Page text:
Today, Paul Mirengoff at Powerline raises the concern that Huckabee seems to want a free pass on the issues because of his status as an evangelical.  Paul writes:

Huckabee seems to believe he deserves a “pass” by virtue of his status as an evangelical and the fact that evangelicals have supported Republicans. That’s a dangerous mind set. Other serious Republican candidates have no difficulty understanding that resistance to them flows not from prejudice or elitism but from legitimate policy differences.

Mirengoff is right.  Huckabee shouldn’t get a pass on the issues.  I haven’t had the time of late to address the various and sundry attacks against him, as they have been fast and furious.*  But serious and substantial criticism of him needs to happen.

The problem, however, that Huckabee is responding to and that Mirgenoff ignores is the nature of the attacks against Huckabee.  Rod Dreher penned an excellent analysis of the problem today.  I quote at length:

It’s funny, but when it looked like Rudy Giuliani, a social liberal, was going to be the nominee, we didn’t see many, if any, establishment Republican opinion leaders freaking out over what kind of danger to the future of the party and the nation he represented, even though as Ross points out, Giuliani hasn’t exactly been deep on policy (I had to research Giuliani for our Dallas Morning News editorial board debate on which candidate to endorse, and I was genuinely startled by how vague he was on many things). I think it’s fair to say that it was assumed that Giuliani would be a sound representative of the Republican Party, and that the social and religious conservatives would do like they always do and get in line. Pat Robertson sure did.

But lo, it turns out that the candidate who’s caught fire comes straight out of the religious/social conservative wing of the coalition, and he is unsound on issues most important to the fiscal wing. It’s not supposed to work that way. Nobody at the elite level seems to expect the economic conservatives to suck it up for the sake of party unity. What does that say about the place of social conservatives in the party all these years?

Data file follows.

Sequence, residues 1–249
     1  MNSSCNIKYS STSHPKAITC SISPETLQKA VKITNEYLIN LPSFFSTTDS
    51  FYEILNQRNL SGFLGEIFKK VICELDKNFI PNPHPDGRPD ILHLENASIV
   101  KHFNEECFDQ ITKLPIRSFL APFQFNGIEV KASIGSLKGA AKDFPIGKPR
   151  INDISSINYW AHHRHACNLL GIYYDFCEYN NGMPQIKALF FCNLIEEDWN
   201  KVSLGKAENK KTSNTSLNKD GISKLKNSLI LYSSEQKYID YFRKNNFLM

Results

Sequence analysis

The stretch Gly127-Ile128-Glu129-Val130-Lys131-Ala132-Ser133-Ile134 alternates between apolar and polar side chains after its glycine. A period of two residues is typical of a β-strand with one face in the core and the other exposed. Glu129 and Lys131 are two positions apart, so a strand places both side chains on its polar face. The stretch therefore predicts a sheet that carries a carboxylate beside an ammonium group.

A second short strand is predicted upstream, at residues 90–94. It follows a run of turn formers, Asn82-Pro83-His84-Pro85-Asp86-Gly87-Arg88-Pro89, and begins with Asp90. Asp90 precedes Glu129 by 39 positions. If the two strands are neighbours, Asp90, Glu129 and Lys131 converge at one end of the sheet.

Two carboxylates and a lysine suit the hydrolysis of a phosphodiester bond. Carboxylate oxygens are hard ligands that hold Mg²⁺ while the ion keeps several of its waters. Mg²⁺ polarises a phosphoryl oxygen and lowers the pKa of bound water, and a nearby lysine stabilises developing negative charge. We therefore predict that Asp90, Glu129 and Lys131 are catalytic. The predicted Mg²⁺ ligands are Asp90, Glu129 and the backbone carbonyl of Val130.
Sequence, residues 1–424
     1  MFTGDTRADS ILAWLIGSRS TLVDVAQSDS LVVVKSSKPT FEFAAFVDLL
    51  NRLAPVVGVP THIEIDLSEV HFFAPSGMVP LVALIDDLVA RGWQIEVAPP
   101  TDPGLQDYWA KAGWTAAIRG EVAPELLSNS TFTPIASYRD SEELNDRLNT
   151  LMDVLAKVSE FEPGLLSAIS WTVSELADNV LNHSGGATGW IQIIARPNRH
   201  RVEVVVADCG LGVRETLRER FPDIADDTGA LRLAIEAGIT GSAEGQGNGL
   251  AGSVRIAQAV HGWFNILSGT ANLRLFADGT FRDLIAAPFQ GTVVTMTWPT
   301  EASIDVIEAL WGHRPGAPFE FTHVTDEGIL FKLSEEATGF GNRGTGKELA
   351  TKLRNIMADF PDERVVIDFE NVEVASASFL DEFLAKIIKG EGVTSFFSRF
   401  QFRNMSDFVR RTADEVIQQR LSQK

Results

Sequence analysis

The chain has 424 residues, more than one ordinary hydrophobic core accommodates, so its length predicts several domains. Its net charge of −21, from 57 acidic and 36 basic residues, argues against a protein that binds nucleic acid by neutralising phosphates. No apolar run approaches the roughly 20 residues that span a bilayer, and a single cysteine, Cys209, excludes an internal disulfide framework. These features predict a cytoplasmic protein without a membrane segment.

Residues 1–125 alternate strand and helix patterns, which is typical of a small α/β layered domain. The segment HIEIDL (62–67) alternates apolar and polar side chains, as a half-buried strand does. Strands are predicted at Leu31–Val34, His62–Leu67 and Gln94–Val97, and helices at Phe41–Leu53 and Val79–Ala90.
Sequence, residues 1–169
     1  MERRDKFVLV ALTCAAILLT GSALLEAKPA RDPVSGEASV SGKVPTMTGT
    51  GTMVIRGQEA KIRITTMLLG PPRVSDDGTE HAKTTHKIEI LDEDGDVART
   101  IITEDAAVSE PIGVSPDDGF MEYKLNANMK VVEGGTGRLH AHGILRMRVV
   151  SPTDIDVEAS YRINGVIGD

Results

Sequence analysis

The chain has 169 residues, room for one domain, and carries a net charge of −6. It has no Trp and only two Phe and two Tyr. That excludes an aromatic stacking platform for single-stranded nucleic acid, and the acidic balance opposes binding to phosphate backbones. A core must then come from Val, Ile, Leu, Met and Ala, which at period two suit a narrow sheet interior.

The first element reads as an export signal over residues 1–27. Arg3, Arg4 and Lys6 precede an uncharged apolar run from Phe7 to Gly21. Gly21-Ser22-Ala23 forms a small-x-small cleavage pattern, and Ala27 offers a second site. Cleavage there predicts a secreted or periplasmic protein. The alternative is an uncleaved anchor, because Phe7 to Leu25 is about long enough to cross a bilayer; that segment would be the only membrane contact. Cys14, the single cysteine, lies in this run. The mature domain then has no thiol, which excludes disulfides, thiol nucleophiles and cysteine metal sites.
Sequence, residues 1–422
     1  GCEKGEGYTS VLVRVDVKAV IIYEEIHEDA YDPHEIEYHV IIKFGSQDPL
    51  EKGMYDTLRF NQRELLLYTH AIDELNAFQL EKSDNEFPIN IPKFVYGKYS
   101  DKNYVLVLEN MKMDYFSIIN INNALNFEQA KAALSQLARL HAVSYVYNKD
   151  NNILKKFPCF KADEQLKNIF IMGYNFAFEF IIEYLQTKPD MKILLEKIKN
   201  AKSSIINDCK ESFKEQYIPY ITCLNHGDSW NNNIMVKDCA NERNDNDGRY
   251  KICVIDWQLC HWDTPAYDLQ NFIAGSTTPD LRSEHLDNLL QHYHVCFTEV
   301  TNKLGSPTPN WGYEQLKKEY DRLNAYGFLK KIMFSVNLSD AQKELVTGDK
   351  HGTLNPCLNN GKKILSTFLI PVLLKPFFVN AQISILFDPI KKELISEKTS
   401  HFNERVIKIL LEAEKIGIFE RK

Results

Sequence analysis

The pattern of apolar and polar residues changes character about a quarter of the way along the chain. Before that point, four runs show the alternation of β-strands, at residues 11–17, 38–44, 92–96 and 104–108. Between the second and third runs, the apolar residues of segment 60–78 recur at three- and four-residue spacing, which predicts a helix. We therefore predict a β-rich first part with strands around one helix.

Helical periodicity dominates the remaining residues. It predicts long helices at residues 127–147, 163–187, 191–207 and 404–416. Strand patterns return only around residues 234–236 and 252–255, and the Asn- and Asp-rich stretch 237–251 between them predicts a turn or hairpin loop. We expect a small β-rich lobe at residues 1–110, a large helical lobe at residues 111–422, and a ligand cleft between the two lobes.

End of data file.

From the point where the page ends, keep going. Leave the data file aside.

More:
I don’t want to overdo this. I think it’s perfectly fine to be worried about Huckabee’s vagueness, and his unpreparedness. I’m worried about these things too, which is a big reason why I can’t say I’d vote for him (though honestly, any Republican who finds himself worked up over Huckabee’s lack of knowledge about foreign affairs, say, should ask himself if he felt the same way about Gov. Bush in 1999 and 2000, and if not, why not). Still, it’s hard to shake the belief that the real problem with Mike Huckabee, as far as the establishment is concerned, is that he’s not clubbable.

Huckabee’s rise has prompted a more careful analysis not only of the role of religion in politics, but also of the place of social conservatives within the Republican party.  As evangelical political reflection and involvement increases and improves, we will presumably become increasingly more aware of the sort of double standards that Dreher points out.

This is not to say that evangelicals will leave the Republican party.  Until Democrats have a viable pro-life candidate, there’s no place for social conservatives to turn.  But that doesn’t mean social conservatives will continue to march within the party as they have always done.  Rudy Giuliani’s ascension to the top spot was a warning sign–the tone of the attacks on Mike Huckabee have only been further confirmation that social conservatives are second-class citizens within the Republican party.